NJDEP Provides $13.5 Million to Address Harmful Algal Blooms

TRENTON, NJ — The NJ Department of Environmental Protection is making $13.5 million in funding available for local projects to improve water quality and help prevent, mitigate and manage harmful algal blooms in lakes and ponds, building upon the state’s HAB response strategy announced by Gov. Phil Murphy in November.

According to the DEP, “Harmful algal blooms, also known as HABs, are not true algal blooms. Rather, they are caused by naturally occurring cyanobacteria that can reproduce to unhealthful levels under certain conditions, including sunlight, nutrients from sources such as fertilizers and improperly operating septic systems, warm weather and stagnant water. They frequently form dense mats, resembling pea soup or spilled paint.”

Exposure to blooms can cause adverse health effects, including rashes, allergy-like reactions, flu-like symptoms, gastroenteritis, respiratory irritation and eye irritation. Exposure to a bloom that is actively producing cyanotoxins may even result in liver toxicity and neurological consequences. People, pets and wildlife are all susceptible if they come into contact with or ingest water experiencing a bloom.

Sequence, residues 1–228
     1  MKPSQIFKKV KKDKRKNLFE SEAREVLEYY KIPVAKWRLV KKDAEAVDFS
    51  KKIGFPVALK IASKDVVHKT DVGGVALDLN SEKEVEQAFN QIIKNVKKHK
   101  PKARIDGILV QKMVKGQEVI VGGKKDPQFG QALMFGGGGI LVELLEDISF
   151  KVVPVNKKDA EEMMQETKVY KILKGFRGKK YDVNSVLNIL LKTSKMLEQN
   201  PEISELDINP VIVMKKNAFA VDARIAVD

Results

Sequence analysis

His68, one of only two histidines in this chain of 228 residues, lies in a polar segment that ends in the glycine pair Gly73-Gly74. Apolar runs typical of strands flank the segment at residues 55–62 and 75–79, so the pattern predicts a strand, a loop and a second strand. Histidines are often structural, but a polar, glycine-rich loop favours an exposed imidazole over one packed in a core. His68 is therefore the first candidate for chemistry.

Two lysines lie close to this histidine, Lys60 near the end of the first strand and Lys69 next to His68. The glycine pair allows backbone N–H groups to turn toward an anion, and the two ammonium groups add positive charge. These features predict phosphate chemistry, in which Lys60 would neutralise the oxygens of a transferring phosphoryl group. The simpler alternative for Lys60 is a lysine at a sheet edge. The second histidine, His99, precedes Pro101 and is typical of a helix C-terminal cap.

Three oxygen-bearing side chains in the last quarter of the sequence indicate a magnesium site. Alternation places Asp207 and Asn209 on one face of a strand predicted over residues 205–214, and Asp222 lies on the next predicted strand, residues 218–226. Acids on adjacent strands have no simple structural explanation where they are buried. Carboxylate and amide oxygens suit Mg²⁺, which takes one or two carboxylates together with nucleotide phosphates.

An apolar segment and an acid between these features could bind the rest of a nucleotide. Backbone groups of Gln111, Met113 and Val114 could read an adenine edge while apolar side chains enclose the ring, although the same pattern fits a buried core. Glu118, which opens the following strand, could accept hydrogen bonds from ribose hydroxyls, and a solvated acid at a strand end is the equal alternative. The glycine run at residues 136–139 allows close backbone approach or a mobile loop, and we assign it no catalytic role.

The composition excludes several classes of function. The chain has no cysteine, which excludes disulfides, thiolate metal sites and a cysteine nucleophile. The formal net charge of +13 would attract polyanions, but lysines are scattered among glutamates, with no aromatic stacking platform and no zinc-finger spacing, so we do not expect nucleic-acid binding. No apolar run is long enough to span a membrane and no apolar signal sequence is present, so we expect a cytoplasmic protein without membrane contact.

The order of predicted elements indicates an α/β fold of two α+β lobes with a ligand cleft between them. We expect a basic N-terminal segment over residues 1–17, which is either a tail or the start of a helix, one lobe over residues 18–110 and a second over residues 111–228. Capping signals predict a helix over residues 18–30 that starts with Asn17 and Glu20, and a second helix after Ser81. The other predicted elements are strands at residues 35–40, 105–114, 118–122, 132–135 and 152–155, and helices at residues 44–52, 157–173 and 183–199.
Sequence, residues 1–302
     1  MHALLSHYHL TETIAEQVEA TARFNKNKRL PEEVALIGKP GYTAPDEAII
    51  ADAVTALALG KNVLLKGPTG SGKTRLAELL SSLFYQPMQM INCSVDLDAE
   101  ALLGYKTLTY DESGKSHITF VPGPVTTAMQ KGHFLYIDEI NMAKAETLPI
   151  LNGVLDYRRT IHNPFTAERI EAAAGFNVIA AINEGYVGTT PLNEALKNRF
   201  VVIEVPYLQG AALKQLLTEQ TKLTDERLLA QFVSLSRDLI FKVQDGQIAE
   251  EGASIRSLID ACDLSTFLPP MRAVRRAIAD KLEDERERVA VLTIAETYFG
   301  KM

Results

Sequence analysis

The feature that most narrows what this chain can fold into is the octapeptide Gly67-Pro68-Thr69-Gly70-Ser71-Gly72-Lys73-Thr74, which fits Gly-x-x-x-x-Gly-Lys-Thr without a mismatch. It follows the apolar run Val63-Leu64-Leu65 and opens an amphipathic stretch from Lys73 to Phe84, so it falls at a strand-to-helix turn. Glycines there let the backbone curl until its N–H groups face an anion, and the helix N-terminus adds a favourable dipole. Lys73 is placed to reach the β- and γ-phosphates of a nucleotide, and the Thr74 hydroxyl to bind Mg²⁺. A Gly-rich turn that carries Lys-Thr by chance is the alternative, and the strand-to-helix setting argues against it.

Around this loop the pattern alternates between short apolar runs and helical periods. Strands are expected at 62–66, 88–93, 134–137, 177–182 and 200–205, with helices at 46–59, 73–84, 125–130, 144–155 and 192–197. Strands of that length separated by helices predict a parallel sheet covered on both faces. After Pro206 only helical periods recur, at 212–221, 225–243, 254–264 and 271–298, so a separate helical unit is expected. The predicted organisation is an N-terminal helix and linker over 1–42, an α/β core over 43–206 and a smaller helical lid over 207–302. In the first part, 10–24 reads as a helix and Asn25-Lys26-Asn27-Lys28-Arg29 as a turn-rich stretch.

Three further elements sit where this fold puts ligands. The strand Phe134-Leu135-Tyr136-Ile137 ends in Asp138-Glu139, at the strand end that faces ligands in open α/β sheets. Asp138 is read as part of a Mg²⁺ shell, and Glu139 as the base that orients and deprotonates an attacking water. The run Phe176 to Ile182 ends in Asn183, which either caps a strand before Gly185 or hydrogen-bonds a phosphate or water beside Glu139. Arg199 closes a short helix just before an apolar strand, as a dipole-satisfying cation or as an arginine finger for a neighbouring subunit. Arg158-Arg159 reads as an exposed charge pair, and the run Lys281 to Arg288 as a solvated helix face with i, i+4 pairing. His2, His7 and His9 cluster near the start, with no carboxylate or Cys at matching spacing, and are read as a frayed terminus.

“Harmful algal blooms are creating real hardships for the people of New Jersey, affecting livelihoods, local economies and tourism,” DEP Commissioner Catherine R. McCabe said. “The Murphy administration is committed to moving forward quickly to make financial resources available for local projects that will reduce the occurrence of harmful algal blooms, improving our quality of life and better protecting public health and the environment.”

The DEP has formally issued requests for proposals for $3.5 million in grants to fund planning and projects to help local management, response and mitigation of HABs through proven and innovative projects. This program is open to a wide variety of potential applicants, including local government agencies, academic institutions and nonprofits.

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